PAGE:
Nurse Henckel argues she is entitled to summary judgment because West did not submit any grievances specifically against her as required by the grievance procedure. The purpose of the grievance process is to alert officials to a problem so action can be taken to remedy the problem. Maddox v. Love, 655 F.3d 709, 722 (7th Cir. 2011). Proper exhaustion of administrative remedies means that “the grievances must contain the sort of information that the administrative system requires.” Strong v. David, 297 F.3d 646, 649 (7th Cir. 2002). “When the administrative rulebook is silent, a grievance suffices if it alerts the prison to the nature of the wrong for which redress is sought.” Id. at 650.

         Though the grievance procedure sets forth a number of grievable subjects, it demands no particular information from the aggrieved. More significantly, it does not require inmates to identify a specific individual as a responsible party. As a result, Nurse Henckel cannot prevail on the exhaustion issue merely by showing that West never named her in a grievance. Additionally, rather than provide the jail grievance logs, Nurse Henckel merely suggests that her inability to recall West's grievance means that he did not file one. Though there are circumstances in which this inference might be appropriate, here, Nurse Henckel has not established that she would necessarily have knowledge of any such grievances. For example, this inference might be reasonable if she also attested that she reviewed all medical grievances at the St. Joseph County Jail in 2017.

         Nurse Henckel further argues that West has not shown that he proceeded to the next step of the grievance process by filing another grievance to be forwarded to the jail commander. She argues that, instead, West states that he “appealed directly to the warden, ” which does not comply with the grievance procedure. ECF 42 at 5. Significantly, Nurse Henckel, not West, bears the burden of proof regarding the exhaustion issue. See Dole v. Chandler, 438 F.3d 804, 809 (7th Cir. 2006). Moreover, though Nurse Henckel argues that West's statement is essentially an admission that he did not proceed to the next step of the grievance procedure, I do not construe West's statement as such. This statement is ambiguous as it may very well be referring to West's submission of a second grievance with the pod deputy addressed to the jail commander. Absent a clearer statement, I cannot conclude that West has made such an admission.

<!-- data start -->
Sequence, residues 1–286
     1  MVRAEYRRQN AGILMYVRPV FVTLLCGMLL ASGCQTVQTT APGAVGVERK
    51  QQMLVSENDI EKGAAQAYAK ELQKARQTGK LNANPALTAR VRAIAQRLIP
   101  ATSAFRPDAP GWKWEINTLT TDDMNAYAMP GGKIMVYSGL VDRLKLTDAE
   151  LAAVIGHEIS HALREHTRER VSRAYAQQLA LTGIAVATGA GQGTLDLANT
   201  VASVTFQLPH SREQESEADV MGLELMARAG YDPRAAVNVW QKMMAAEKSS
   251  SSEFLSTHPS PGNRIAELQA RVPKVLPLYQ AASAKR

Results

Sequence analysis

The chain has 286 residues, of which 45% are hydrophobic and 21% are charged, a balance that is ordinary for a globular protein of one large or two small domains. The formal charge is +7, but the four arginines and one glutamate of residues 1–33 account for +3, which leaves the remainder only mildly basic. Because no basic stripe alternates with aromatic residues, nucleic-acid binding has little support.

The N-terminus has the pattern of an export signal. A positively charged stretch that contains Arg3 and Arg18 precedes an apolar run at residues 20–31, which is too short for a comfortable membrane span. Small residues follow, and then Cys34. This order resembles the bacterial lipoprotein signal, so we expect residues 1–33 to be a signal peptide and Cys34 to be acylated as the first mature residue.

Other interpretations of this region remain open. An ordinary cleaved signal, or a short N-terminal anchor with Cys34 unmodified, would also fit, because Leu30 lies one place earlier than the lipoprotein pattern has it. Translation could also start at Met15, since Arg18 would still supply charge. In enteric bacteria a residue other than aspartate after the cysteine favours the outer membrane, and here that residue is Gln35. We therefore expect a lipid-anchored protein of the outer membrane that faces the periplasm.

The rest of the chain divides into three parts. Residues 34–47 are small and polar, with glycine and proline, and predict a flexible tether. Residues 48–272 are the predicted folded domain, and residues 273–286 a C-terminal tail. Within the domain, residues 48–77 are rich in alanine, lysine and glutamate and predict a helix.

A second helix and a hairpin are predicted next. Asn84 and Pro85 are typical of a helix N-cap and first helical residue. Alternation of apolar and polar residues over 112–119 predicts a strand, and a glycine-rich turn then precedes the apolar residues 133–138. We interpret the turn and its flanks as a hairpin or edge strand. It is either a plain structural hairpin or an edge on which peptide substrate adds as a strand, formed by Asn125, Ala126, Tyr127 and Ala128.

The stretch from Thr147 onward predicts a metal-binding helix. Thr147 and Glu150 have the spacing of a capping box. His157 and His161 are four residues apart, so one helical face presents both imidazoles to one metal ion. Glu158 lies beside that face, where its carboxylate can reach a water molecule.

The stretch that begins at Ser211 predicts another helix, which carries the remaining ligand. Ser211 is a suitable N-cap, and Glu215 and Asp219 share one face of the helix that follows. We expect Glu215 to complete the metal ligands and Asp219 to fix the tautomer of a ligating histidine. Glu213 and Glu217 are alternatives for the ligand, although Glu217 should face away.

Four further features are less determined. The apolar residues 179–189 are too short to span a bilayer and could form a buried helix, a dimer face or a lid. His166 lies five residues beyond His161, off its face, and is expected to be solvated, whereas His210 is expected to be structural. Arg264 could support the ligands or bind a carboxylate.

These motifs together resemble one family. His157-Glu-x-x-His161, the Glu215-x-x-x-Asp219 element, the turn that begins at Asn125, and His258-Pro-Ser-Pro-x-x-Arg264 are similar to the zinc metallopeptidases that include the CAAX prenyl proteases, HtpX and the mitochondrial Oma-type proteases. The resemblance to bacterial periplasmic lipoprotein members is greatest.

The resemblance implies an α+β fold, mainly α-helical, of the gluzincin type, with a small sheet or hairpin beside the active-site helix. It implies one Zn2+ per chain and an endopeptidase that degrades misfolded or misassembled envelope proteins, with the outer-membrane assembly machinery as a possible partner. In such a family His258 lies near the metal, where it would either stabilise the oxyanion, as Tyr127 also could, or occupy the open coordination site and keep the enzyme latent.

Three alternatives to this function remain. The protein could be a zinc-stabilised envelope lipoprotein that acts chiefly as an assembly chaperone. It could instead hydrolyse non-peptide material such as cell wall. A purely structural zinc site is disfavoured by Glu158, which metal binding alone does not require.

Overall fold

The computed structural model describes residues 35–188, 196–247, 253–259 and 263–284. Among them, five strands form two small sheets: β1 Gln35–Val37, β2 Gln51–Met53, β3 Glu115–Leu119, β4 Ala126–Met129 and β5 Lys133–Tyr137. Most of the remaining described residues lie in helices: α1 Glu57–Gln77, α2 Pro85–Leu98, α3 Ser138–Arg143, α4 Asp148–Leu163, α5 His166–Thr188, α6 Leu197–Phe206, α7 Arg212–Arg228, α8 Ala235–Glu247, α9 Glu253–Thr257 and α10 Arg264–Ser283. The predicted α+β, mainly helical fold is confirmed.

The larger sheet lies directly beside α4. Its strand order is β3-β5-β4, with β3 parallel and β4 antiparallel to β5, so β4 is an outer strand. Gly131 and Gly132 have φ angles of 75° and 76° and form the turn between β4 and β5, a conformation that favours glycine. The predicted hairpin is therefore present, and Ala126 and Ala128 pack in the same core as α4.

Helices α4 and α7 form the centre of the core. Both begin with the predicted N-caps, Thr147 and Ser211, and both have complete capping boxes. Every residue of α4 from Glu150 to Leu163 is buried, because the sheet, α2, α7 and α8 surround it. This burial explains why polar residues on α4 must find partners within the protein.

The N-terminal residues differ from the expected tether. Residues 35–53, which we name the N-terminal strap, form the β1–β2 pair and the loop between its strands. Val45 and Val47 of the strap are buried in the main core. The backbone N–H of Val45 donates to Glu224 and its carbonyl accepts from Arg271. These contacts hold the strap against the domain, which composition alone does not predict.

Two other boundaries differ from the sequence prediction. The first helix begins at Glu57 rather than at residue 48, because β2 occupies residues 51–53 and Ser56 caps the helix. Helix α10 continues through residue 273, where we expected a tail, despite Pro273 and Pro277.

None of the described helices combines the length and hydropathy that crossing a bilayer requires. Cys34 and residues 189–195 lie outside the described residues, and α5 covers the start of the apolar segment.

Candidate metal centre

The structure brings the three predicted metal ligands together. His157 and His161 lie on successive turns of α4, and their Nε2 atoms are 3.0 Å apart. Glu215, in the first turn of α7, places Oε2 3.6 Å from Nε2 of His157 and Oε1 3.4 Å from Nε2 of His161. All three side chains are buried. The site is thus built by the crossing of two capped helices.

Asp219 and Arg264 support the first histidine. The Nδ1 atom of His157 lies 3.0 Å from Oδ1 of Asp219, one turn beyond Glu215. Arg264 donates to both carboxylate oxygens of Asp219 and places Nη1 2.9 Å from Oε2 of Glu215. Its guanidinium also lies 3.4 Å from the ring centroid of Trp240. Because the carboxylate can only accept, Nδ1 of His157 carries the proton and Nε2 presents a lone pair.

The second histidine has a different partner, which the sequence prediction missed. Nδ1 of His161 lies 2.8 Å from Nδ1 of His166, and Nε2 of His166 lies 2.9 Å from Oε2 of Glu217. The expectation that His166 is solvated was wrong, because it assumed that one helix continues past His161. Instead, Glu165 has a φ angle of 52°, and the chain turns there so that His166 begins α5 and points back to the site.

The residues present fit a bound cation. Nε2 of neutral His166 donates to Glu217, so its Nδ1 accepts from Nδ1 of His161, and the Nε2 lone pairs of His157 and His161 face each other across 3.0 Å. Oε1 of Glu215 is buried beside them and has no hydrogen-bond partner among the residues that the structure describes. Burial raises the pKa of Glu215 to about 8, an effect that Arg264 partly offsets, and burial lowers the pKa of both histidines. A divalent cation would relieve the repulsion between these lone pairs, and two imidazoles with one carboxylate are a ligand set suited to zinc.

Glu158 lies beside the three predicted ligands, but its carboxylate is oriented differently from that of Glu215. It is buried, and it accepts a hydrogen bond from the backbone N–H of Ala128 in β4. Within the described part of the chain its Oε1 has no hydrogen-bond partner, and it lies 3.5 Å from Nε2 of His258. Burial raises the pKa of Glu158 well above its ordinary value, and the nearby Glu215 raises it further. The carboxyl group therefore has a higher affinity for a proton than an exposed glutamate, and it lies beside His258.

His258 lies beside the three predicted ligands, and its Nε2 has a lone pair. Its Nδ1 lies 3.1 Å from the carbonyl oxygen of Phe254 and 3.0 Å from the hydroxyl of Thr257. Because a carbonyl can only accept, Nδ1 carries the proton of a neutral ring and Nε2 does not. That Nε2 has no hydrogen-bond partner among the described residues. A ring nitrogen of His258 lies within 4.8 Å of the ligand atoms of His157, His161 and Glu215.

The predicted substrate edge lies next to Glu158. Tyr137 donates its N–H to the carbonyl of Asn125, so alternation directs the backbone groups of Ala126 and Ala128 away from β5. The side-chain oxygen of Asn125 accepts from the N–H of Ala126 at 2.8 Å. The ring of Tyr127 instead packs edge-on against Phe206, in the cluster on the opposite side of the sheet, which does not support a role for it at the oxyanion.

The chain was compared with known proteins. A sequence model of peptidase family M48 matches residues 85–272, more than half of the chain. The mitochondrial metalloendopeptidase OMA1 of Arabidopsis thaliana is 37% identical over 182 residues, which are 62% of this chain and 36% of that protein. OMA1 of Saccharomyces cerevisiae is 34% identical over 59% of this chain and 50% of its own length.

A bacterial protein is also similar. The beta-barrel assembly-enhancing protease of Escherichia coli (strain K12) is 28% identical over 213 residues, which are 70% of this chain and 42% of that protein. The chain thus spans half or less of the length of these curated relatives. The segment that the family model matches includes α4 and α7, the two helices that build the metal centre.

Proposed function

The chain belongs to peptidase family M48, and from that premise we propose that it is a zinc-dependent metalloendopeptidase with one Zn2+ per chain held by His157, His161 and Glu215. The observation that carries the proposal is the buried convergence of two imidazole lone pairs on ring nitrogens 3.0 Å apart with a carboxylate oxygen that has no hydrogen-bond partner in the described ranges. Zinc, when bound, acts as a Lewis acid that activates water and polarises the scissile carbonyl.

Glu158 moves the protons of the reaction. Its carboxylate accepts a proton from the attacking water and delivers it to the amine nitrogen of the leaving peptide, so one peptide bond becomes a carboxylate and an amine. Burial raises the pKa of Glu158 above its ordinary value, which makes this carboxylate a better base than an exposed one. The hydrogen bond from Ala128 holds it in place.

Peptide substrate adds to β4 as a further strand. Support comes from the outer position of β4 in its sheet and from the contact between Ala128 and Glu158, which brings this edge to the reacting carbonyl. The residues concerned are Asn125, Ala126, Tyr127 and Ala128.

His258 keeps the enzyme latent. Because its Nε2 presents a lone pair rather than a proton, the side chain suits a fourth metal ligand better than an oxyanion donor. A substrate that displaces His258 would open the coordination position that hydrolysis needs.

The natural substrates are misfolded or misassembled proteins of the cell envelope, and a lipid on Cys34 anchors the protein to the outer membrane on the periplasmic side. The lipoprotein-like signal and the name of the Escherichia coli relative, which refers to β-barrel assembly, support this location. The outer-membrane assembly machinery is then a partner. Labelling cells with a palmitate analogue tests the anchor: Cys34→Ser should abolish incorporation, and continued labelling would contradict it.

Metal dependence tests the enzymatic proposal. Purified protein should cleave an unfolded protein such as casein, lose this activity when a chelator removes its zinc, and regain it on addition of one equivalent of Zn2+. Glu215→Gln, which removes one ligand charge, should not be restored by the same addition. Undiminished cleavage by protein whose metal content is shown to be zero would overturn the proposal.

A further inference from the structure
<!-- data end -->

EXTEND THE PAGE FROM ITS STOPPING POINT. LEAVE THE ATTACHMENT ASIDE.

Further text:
Nurse Henckel also argues that West could not have completed the grievance process during the forty-seven days between August 2, 2017, when she allegedly denied West medication, and September 18, 2017, when he filed the complaint. She suggests that completing the grievance process within forty-seven days would be impossible. However, the record contains no evidence to support this line of reasoning, and completing the grievance process within forty-seven days seems entirely plausible.

         In sum, Nurse Henckel has not shown that West did not comply with the grievance procedure. Additionally, Nurse Henckel has not shown that she or any other staff member complied with the grievance procedure by providing West with a written response. Therefore, Nurse Henckel has not demonstrated that ...